Hannah Webster Foster (1759–1840). The Coquette, or The History of Eliza Wharton. 1855.

Letter XXXI


I am very happy to find you are in so good spirits, Eliza, after parting with your favorite swain; for I perceive that he is really the favorite of your fancy, though your heart cannot esteem him; and, independent of that, no sensations can be durable.

I can tell you some news of this strange man. He has arrived, and taken possession of his seat. Having given general invitations, he has been called upon and welcomed by most of the neighboring gentry. Yesterday he made an elegant entertainment. Friend George (as you call him) and I were of the number who had cards. Twenty-one couple went, I am told. We did not go. I consider my time too valuable to be spent in cultivating acquaintance with a person from whom neither pleasure nor improvement is to be expected. His profuseness may bribe the unthinking multitude to show him respect; but he must know that, though

  • “Places and honors have been bought for gold,
  • Esteem and love were never to be sold.”
  • I look upon the vicious habits and abandoned character of Major Sanford to have more pernicious effects on society than the perpetrations of the robber and the assassin. These, when detected, are rigidly punished by the laws of the land. If their lives be spared, they are shunned by society, and treated with every mark of disapprobation and contempt. But, to the disgrace of humanity and virtue, the assassin of honor, the wretch who breaks the peace of families, who robs virgin innocence of its charms, who triumphs over the ill-placed confidence of the inexperienced, unsuspecting, and too credulous fair, is received and caressed, not only by his own sex, to which he is a reproach, but even by ours, who have every conceivable reason to despise and avoid him. Influenced by these principles, I am neither ashamed nor afraid openly to avow my sentiments of this man, and my reasons for treating him with the most pointed neglect.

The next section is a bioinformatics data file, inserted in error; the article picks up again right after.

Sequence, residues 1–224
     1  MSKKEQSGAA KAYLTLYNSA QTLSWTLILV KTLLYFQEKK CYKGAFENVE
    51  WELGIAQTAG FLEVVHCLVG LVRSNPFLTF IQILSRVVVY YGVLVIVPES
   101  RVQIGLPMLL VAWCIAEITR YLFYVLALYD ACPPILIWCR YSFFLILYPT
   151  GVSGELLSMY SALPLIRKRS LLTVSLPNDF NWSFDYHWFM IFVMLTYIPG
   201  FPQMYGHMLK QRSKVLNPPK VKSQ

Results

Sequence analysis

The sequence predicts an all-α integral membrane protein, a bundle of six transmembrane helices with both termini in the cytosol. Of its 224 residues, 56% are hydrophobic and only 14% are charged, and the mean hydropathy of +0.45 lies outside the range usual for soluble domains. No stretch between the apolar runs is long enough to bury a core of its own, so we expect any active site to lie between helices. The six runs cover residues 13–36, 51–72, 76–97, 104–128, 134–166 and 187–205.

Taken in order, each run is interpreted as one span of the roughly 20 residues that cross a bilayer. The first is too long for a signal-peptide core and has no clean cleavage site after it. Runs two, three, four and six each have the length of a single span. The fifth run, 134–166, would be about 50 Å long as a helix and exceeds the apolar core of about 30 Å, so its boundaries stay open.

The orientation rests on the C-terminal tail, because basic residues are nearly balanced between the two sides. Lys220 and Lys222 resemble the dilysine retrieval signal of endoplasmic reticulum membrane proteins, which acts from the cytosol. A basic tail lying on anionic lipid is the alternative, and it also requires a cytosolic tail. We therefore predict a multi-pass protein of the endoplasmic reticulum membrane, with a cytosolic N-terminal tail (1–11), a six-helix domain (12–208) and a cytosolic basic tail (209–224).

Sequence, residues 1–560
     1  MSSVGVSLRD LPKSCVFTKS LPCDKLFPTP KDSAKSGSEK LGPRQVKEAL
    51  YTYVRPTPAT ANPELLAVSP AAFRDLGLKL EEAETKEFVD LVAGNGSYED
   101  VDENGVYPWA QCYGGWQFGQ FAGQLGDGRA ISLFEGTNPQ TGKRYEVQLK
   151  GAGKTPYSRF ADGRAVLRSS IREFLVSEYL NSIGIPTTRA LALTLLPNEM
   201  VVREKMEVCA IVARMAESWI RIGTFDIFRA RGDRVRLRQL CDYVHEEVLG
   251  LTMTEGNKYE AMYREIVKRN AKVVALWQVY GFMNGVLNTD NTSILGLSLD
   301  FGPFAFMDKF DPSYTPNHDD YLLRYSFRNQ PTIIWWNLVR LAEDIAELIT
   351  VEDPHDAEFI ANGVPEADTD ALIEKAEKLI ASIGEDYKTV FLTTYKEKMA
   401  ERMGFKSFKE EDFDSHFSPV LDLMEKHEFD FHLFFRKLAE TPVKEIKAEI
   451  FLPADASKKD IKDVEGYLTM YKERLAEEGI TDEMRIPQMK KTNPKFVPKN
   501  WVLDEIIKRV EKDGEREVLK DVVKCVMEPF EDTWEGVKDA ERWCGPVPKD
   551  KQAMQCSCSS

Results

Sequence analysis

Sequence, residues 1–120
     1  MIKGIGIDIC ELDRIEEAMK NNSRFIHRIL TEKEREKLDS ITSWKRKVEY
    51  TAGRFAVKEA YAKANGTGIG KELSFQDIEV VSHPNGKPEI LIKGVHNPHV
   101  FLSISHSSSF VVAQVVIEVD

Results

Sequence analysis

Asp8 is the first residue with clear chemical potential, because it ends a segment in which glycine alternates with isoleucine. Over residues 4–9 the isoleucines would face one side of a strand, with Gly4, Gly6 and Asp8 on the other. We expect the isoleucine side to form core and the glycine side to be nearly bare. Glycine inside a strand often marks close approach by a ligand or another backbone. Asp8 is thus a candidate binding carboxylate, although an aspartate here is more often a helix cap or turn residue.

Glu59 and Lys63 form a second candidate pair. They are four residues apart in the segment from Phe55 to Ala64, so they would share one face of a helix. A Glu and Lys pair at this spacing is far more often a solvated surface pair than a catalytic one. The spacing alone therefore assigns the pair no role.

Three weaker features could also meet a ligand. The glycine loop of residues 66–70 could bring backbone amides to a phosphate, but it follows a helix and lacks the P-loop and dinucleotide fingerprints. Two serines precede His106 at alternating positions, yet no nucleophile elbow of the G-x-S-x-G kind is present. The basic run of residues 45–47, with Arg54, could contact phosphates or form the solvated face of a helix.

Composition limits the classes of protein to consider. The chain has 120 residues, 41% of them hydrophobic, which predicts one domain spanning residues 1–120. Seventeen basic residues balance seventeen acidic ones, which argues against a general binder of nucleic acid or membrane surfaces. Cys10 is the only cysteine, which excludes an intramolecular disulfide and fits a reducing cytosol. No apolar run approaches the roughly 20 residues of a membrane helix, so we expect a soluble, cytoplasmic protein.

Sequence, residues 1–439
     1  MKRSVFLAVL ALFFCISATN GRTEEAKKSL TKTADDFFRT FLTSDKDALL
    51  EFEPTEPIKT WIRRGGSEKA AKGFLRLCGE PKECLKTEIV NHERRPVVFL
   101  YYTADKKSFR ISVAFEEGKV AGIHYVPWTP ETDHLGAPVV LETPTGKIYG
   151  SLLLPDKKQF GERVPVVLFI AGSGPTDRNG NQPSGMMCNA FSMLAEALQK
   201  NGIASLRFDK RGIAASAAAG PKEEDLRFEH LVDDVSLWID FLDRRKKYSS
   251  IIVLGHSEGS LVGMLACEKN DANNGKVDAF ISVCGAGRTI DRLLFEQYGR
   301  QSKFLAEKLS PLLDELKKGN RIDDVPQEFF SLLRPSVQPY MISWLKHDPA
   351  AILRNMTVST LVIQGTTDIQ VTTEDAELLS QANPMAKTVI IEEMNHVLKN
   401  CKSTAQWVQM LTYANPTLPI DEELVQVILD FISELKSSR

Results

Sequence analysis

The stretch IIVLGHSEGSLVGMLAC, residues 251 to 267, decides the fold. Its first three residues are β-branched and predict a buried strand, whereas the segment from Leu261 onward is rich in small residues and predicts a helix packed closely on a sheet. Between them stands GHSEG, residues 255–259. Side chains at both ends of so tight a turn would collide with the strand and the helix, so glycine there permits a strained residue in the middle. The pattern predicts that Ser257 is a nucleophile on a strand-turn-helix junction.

I write warmly on the subject; for it is a subject in which I think the honor and happiness of my sex concerned. I wish they would more generally espouse their own cause. It would conduce to the public, weal, and to their personal respectability. I rejoice, heartily, that you have had resolution to resist his allurements, to detect and repel his artifices. Resolution in such a case is absolutely necessary; for,

  • “In spite of all the virtue we can boast,
  • The woman that deliberates is lost.”
  • As I was riding out yesterday I met your mamma. She wondered that I was not one of the party at our new neighbor’s. “The reason, madam,” said I, “is, that I do not like the character of the man.” “I know nothing of him,” said she; “he is quite a stranger to me, only as he called at my house last week to pay me his respects, as he said, for the sake of my late husband, whose memory he revered, and because I was the mother of Miss Eliza Wharton, with whom he had the honor of some little acquaintance. His manners are engaging, and I am sorry to hear that his morals are corrupt.”

    This, my dear, is a very extraordinary visit. I fear that he has not yet laid aside his arts. Be still on your guard, is the advice of your sincere and faithful friend,